Born at Beechworth, Victoria on
14 February 1881, the son of Timothy Keane a police constable. After his
education at Christian Brothers’ College, St. Kilda he joined the Victorian
Railways as a clerk (1897-1925). By 1918, Keane was on the rise and held
office with the 20,000 strong Victorian Railways Union and later the
national body, serving as general secretary (1925-29). He oversaw the
application of federal award coverage, but it was against Prime Minister
Stanley Bruce’s (1883-1967) attempt to dismantle the Commonwealth
Arbitration Court with the introduction of the Maritime Industries Bill
in August 1929 that marked Keane’s graduation from the hard school of union
office to the corridors of power. In 1925 he unsuccessfully attempted to
gain election to the Senate and later the Victorian Legislative Council seat
of Melbourne South, but at the October 1929 general election that saw the
defeat of Bruce’s government, he won the Federal seat of Bendigo (1929-31).
By 1931, the economy was in tatters and (James) Scullin’s (Melbourne
General Cemetery) Labor Party was swept aside in a landslide; Keane had no
chance and resumed his involvement with the Australian Railways Union. In
1934 he again unsuccessfully re-contested the seat before his election to
the Senate (1937-46). Six feet tall (183 cm) and over twenty stone (127
kg), Keane was described as “one of the most picturesque personalities in
the Senate, a big man in his breadth of vision as he was in statue…and a
fairly fluent speaker with a deep penetrating voice” he was regarded as one
of the shrewdest parliamentarians, fair to an opponent and a straight
talker; in 1943 Keane was quoted as describing (Sir) Keith Murdoch
(1885-1952) as “a damn scoundrel”. Deputy leader of the Opposition
(1938-41), on the election of the (John) Curtin (Karrakatta Cemetery)
Labor government in 1941, he became Minister for Trade and Customs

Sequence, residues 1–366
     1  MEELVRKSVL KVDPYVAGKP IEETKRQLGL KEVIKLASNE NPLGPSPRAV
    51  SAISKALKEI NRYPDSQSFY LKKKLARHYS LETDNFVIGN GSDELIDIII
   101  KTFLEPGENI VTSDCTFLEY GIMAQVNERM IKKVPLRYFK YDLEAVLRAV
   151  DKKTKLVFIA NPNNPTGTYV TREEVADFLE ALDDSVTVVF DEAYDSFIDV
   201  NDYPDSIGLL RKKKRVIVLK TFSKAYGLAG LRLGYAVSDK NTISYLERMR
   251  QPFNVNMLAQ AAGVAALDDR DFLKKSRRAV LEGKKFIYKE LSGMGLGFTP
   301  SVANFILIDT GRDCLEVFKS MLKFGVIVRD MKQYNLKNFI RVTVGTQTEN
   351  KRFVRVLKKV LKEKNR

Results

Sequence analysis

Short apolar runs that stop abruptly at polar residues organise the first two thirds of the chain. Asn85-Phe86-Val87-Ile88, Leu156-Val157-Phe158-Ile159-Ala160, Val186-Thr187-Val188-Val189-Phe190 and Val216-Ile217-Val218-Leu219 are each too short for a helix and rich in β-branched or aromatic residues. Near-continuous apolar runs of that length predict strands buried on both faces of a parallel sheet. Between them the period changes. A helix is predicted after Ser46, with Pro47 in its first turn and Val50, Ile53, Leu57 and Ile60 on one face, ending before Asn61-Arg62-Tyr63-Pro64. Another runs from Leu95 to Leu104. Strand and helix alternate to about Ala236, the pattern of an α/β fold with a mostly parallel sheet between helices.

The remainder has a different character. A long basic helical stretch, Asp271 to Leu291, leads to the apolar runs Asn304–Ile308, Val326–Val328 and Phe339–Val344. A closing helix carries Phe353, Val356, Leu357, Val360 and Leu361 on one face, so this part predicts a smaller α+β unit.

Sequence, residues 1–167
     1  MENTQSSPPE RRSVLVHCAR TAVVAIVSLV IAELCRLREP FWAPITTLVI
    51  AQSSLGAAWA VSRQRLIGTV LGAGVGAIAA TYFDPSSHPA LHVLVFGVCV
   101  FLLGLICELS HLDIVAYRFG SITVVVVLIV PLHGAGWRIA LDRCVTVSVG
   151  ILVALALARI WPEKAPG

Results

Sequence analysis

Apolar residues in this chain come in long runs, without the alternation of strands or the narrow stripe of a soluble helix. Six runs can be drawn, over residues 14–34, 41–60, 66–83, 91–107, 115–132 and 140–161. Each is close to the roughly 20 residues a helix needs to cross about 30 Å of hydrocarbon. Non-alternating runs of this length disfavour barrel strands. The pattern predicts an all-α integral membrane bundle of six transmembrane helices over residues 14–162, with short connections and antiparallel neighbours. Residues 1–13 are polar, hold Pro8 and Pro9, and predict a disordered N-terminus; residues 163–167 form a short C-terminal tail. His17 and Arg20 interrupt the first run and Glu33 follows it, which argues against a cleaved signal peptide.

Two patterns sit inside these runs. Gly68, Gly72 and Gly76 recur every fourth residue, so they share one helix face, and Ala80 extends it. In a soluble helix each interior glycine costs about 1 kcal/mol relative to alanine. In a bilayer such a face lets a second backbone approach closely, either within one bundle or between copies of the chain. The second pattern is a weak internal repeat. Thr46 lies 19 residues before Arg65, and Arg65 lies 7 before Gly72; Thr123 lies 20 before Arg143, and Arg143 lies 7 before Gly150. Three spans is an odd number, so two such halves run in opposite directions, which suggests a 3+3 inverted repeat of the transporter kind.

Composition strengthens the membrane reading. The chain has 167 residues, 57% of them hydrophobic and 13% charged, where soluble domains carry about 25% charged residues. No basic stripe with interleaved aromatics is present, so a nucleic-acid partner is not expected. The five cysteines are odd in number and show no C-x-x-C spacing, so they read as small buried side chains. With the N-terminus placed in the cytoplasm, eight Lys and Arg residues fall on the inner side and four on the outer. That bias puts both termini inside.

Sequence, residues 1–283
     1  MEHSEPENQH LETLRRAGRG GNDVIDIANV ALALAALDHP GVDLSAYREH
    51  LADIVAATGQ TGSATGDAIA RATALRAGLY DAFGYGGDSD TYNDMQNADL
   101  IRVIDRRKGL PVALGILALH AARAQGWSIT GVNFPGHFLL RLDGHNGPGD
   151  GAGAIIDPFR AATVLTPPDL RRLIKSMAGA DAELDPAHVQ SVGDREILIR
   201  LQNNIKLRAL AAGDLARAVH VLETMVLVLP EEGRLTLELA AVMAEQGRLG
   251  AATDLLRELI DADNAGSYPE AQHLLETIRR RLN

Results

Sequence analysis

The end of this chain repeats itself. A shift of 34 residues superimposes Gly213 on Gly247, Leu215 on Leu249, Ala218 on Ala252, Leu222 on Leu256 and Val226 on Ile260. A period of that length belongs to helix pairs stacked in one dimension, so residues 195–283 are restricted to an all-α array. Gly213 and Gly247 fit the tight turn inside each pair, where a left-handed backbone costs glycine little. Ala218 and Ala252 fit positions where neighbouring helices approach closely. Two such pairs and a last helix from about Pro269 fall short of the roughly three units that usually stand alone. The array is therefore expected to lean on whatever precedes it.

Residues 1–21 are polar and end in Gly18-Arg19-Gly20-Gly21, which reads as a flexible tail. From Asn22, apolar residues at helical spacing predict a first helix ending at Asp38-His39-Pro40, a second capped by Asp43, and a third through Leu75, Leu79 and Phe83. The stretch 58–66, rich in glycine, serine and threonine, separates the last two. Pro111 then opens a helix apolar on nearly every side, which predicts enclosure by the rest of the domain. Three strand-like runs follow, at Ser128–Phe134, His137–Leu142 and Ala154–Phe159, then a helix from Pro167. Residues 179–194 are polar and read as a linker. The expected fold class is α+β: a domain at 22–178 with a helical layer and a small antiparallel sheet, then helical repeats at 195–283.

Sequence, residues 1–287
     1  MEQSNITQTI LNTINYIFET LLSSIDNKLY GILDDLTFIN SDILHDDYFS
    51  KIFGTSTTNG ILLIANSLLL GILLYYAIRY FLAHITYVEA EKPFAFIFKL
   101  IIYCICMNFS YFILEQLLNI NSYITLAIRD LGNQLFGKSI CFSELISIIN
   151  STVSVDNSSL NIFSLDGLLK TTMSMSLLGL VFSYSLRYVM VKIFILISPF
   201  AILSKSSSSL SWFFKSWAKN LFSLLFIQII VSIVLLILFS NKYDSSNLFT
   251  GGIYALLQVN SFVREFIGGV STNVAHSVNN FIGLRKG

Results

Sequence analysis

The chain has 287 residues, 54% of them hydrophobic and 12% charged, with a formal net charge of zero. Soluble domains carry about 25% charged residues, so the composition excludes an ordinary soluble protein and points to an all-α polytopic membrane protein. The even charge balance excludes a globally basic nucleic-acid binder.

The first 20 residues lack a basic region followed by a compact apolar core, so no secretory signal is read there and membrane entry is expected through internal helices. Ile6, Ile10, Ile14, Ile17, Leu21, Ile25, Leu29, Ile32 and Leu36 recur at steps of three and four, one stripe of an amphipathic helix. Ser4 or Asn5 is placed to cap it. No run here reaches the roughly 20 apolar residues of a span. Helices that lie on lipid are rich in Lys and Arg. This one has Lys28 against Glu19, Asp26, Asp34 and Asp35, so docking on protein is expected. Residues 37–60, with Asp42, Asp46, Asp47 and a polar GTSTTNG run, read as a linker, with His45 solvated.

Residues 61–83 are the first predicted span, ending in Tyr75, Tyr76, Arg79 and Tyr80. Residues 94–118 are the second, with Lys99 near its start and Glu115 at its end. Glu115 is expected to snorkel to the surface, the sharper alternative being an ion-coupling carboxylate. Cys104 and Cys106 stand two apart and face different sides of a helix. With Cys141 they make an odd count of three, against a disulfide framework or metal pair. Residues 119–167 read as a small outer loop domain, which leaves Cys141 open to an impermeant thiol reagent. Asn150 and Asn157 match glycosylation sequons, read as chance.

(1941-46); his ministerial career was described as “arduous but not
particularly noteworthy”. As minister, he was charged with the heavy task
of administering rationing and price control to an unsympathetic nation
which did not always make him popular nor did his straight talking help,
describing restrictions on beer and clothing as “minor inconveniences”.
Described as the life of every diplomatic party (“robust, laughing voice and
rollicking songs”), he collapsed suddenly on 26 April 1946 while in
Washington, U.S.A attending to trade matters. Prime Minister (Joseph) Ben
Chifley (1885-1951), a pallbearer at his state funeral officiated by
Archbishop Daniel Mannix (1864-1963) on 31 May, on hearing of his death
while in London attending a Prime Ministers’ Conference said - “I have lost
a valued colleague”. Residing at 56 Wanda Road Caulfield, he was survived
by his second wife Millicent née Dunn (d 1973) their daughter and his
children from his first marriage to Ruby née Thorne (d 1923) who are
both interred with Keane.
(above) Richard Keane
(Image courtesy of the
Australian War Memorial,
ADB Volume 14 1940-80 (Di-Kel).
Stargardt, A., "Things Worth Fighting For.
Speeches by Joseph Benedict Chifley" (1953).
The Herald 27 April 1946 & 18 September 1946.
The Argus 29 April 1946 & 1 June 1946.
The Age 29 April 1946.
“Who’s Who in Australia” (1938 & 1944).
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